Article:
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Tinklenberg enters 6th District congressional race
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Elwyn Tinklenberg is the only DFLer so far to enter the race for the 6th Congressional district. Five Republicans have already announced their candidacies. (MPR Photo/Tom Scheck)
Former Transportation Commissioner Elwyn Tinklenberg is the first DFLer to formally announce his candidacy for Minnesota's 6th Congressional District. The seat is open because Republican incumbent Mark Kennedy is running for the U.S. Senate. Tinklenberg says he wants to bring a real world practicality to Congress. While Tinklenberg faces competition from only one other DFLer, there are five Republicans who have announced plans to run for the seat.

Blaine, Minn. — Tinklenberg made his announcement at the National Sports Center in Blaine. Tinklenberg, who served as mayor of Blaine, was a key player in getting the facility built in the 1980s. He touted his work to get the light rail line up and running as transportation commissioner under Jesse Ventura.

Tinklenberg, a former Methodist minister, says DFLers should not shy away from talking about faith and moral values. His announcement speech focused on restoring faith in government and ending the divisive bickering in Washington.

"We are deciding in this race whether we want to send another partisan to a Congress that is already choking on them, or if we want to take a new direction. A direction of progress and reasonableness and accomplishment," he said.

Tinklenberg opposes legalized abortion, favors gun rights and supports a federal ban on gay marriage, provided there are some legal protections in place for gay couples. Those views are to the right of many Democrats, but could play well in the socially conservative 6th district.

We are deciding in this race whether we want to send another partisan to a Congress that is already choking on them, or if we want to take a new direction. A direction of progress and reasonableness and accomplishment.
- Elwyn Tinklenberg

He says he does not support the president's plan to divert Social Security money to private accounts. Tinklenberg also said it's important for federal lawmakers to look at every possible way to reduce the federal deficit.

"Do you remember when the Republicans used to talk about smaller government? Well, what's happened under this administration? I mean it's been the largest expansion of government that we've ever known," said Tinklenberg.

Tinklenberg estimates he'll need to raise about $2 million to run an effective campaign in the district. His only known DFL opponent is Woodbury resident Scott Mortensen. Minnesota's 6th District includes St. Cloud, the northern Twin Cities suburbs, and stretches into eastern suburbs like Stillwater and Woodbury. The district has a heavy dose of swing voters in places like Anoka and Coon Rapids.

The northern part of the district, including St. Cloud, tends to be socially conservative. The district leans Republican, which has attracted some well known conservatives to the race.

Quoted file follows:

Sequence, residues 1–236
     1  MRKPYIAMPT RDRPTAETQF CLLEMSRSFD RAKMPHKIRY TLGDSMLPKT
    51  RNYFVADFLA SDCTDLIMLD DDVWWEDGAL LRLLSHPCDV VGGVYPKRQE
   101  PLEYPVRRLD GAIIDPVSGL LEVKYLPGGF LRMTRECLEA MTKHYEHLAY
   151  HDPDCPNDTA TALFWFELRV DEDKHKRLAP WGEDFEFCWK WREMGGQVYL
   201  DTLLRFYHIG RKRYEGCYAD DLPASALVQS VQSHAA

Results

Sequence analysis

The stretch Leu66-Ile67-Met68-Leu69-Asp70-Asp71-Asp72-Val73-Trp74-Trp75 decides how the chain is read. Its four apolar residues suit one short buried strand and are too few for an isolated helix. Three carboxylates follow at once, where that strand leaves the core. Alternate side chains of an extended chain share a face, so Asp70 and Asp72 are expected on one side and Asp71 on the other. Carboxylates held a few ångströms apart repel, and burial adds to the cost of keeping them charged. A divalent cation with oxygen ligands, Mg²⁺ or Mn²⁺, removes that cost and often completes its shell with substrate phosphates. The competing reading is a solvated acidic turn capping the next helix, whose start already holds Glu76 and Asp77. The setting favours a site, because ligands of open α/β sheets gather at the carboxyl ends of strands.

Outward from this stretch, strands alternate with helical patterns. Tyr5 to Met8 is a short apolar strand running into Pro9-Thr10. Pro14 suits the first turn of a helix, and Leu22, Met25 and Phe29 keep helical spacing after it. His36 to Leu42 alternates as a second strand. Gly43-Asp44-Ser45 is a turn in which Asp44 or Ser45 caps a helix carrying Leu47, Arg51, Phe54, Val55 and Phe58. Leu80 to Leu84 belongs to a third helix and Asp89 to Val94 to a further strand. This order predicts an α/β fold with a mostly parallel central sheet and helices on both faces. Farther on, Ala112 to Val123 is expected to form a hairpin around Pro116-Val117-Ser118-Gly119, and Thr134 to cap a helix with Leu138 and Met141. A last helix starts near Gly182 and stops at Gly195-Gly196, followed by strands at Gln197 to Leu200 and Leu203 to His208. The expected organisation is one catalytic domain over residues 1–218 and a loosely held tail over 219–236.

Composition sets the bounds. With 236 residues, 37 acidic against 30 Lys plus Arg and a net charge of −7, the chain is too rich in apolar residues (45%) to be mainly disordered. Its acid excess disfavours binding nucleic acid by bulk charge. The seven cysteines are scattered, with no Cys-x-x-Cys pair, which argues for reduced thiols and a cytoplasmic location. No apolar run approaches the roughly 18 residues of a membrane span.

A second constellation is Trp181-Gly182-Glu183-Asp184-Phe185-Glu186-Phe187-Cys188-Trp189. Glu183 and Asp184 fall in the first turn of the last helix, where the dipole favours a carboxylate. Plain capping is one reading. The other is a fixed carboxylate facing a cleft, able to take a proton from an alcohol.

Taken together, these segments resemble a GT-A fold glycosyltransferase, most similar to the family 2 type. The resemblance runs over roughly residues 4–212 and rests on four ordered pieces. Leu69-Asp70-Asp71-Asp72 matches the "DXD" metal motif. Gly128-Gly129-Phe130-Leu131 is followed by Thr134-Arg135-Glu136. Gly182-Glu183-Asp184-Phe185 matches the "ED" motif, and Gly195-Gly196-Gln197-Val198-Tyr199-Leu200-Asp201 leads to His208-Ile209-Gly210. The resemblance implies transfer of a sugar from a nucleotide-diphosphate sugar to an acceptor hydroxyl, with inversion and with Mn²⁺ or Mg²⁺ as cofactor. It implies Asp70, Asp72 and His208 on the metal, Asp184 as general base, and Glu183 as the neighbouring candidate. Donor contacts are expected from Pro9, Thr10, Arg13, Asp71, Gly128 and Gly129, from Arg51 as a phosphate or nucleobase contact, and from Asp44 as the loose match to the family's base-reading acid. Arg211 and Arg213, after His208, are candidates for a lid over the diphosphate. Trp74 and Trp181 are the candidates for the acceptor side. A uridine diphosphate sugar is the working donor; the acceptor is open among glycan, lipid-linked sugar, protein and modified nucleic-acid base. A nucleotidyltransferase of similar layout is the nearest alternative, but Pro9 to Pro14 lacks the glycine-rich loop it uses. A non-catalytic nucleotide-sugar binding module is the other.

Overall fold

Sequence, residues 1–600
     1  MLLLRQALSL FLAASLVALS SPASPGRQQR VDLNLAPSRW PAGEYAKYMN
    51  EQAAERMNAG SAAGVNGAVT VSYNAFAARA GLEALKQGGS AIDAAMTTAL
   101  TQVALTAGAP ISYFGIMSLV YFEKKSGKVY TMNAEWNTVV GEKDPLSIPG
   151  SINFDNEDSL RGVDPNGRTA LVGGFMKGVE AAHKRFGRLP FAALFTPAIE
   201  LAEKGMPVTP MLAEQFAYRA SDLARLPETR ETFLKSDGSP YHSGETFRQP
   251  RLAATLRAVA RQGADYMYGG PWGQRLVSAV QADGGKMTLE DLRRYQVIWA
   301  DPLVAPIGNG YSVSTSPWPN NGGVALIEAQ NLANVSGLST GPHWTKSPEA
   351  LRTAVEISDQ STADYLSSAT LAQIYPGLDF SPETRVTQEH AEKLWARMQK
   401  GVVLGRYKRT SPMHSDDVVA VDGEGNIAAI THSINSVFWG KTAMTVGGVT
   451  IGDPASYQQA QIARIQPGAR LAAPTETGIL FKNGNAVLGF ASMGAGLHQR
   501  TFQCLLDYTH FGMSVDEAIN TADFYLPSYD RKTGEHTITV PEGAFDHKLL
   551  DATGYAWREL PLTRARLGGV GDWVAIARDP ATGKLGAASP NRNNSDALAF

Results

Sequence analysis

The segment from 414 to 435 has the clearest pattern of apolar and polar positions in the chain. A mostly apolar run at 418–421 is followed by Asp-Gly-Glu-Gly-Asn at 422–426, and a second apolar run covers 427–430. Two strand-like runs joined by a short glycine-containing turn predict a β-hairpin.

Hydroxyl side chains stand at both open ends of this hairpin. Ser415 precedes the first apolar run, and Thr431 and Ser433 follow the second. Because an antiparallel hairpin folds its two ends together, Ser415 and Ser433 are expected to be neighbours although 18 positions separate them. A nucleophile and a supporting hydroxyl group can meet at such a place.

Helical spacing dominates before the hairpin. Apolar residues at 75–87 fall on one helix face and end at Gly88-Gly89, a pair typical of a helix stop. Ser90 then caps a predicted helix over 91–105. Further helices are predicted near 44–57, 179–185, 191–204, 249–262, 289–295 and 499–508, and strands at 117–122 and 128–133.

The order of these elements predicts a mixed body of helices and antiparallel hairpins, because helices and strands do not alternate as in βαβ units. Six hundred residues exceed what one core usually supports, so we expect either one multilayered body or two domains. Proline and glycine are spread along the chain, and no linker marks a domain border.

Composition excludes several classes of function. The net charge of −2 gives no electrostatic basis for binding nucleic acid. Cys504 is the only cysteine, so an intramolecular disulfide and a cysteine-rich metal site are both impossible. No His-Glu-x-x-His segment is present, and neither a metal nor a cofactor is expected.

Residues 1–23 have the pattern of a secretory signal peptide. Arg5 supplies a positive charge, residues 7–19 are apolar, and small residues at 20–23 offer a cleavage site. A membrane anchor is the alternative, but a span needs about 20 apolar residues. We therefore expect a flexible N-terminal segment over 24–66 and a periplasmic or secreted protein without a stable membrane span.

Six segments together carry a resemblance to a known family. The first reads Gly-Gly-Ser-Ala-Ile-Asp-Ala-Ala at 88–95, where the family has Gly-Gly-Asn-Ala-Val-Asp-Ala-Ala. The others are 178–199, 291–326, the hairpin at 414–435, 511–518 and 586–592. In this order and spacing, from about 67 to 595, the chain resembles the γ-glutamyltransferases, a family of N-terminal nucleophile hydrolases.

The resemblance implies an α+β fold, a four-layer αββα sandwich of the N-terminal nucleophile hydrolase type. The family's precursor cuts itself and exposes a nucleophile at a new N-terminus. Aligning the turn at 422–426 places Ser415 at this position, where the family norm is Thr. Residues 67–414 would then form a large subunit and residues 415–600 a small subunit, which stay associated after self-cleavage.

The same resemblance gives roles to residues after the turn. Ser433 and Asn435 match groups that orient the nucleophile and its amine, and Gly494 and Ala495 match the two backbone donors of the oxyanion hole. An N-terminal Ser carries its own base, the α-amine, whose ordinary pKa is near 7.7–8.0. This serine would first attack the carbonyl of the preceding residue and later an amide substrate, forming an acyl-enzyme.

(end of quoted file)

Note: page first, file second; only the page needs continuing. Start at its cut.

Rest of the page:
Republican Rep. Jim Knoblach of St. Cloud says he and the four other Republican candidates are spending the bulk of their time raising money, and talking to Republican activists in the district.

"The next several months is about dollars and delegates. It's raising money," says Knoblach. "It's talking to delegates and alternates, convincing them that you're the best person." All five Republicans are known for being fiscally and socially conservative. The key differences may be background and style.

Former Education Commissioner Cheri Pierson Yecke was education commissioner under Gov. Pawlenty until 2004, when the Minnesota Senate refused to confirm her. She's touting her work in the U.S. Department of Education in Washington to delegates.

"I worked there in '02 and '03 for President Bush, so I still have current contacts in Washington. And that's a city where you need to know people in order to get things done," says Yecke.

Another GOP candidate, Republican Sen. Michelle Bachmann, is best known for campaigning against the Profile of Learning education standards, and for seeking a ban in the state constitution on gay marriage.

Bachmann is using her hard-fought campaign victories to woo delegates. In 2000, she defeated a Republican incumbent. In 2002, the legislative boundaries were redrawn and she defeated a DFL incumbent. Bachmann says that campaign experience will help her in the general election.

"I've never hid my views when I've run for state Senate, and I've enjoyed good strong victories in swing areas where there are quite a few Democrats," says Bachmann.

Rep. Phil Krinkie, R-Shoreview, is best known around the Capitol as Dr. No. He earned the moniker for his past record of voting against any new state spending.

"I'm the time-tested conservative. I've been in the Legislature longer, been in the trenches fighting the battle for our Republican principles longer, and I think with a little more diligence than the other competitors in this race," says Krinkie.

The fifth Republican candidate, St. Cloud businessman Jay Esmay, did not return calls for this report.

For his part, Tinklenberg says a long, drawn-out primary battle among Republicans could only help his candidacy. He also plans on playing a wild card or two.

Tinklenberg says he'll probably contact his former boss, Jesse Ventura, to see if he can help woo swing voters in the 6th District. Voters who lack strong party affiliation in Anoka County helped propel Ventura into the governor's office in 1998.